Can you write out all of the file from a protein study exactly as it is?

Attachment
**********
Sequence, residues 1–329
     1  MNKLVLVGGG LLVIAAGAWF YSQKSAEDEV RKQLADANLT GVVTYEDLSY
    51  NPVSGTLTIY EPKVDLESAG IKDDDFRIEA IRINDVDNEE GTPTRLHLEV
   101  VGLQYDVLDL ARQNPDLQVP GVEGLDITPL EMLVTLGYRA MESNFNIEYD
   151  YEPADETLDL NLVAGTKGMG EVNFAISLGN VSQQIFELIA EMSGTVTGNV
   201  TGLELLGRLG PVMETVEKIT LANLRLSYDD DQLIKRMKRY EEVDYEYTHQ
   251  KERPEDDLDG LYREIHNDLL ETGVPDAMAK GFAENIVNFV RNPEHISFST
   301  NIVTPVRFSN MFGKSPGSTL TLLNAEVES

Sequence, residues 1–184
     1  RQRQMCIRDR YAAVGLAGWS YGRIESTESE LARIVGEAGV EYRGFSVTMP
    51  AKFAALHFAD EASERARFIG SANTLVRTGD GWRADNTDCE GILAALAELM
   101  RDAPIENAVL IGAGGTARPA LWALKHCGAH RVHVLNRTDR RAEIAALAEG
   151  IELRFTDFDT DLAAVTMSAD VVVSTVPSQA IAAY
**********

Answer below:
Sequence, residues 1–329
     1  MNKLVLVGGG LLVIAAGAWF YSQKSAEDEV RKQLADANLT GVVTYEDLSY
    51  NPVSGTLTIY EPKVDLESAG IKDDDFRIEA IRINDVDNEE GTPTRLHLEV
   101  VGLQYDVLDL ARQNPDLQVP GVEGLDITPL EMLVTLGYRA MESNFNIEYD
   151  YEPADETLDL NLVAGTKGMG EVNFAISLGN VSQQIFELIA EMSGTVTGNV
   201  TGLELLGRLG PVMETVEKIT LANLRLSYDD DQLIKRMKRY EEVDYEYTHQ
   251  KERPEDDLDG LYREIHNDLL ETGVPDAMAK GFAENIVNFV RNPEHISFST
   301  NIVTPVRFSN MFGKSPGSTL TLLNAEVES

Sequence, residues 1–184
     1  RQRQMCIRDR YAAVGLAGWS YGRIESTESE LARIVGEAGV EYRGFSVTMP
    51  AKFAALHFAD EASERARFIG SANTLVRTGD GWRADNTDCE GILAALAELM
   101  RDAPIENAVL IGAGGTARPA LWALKHCGAH RVHVLNRTDR RAEIAALAEG
   151  IELRFTDFDT DLAAVTMSAD VVVSTVPSQA IAAY